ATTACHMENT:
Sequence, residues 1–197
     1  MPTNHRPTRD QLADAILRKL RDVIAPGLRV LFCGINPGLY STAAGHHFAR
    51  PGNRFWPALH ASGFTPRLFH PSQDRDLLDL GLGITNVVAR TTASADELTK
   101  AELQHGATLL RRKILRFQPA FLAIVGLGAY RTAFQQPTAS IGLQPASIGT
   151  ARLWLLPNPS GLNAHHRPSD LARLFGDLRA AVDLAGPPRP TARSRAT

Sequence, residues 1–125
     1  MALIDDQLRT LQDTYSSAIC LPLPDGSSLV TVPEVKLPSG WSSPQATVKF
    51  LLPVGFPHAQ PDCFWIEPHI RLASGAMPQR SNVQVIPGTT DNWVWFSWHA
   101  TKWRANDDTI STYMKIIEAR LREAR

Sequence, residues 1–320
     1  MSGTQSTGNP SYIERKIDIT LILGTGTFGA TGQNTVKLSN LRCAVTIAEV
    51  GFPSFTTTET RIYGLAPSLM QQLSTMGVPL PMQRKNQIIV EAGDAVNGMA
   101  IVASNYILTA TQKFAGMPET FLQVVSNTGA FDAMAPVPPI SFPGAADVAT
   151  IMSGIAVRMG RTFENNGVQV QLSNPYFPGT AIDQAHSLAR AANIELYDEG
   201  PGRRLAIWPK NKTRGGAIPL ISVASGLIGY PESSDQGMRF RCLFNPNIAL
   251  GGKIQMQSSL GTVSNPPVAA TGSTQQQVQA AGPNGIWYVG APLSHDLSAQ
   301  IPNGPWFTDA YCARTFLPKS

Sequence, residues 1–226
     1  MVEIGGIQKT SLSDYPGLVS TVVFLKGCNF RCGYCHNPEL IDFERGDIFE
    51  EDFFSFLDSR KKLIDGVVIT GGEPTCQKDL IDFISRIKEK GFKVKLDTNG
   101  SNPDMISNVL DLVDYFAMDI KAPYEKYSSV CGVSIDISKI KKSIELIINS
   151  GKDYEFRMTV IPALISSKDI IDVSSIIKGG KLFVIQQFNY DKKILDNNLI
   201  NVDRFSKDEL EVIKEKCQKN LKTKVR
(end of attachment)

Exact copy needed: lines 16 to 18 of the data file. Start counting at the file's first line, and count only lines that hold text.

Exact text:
   251  GGKIQMQSSL GTVSNPPVAA TGSTQQQVQA AGPNGIWYVG APLSHDLSAQ
   301  IPNGPWFTDA YCARTFLPKS

Sequence, residues 1–226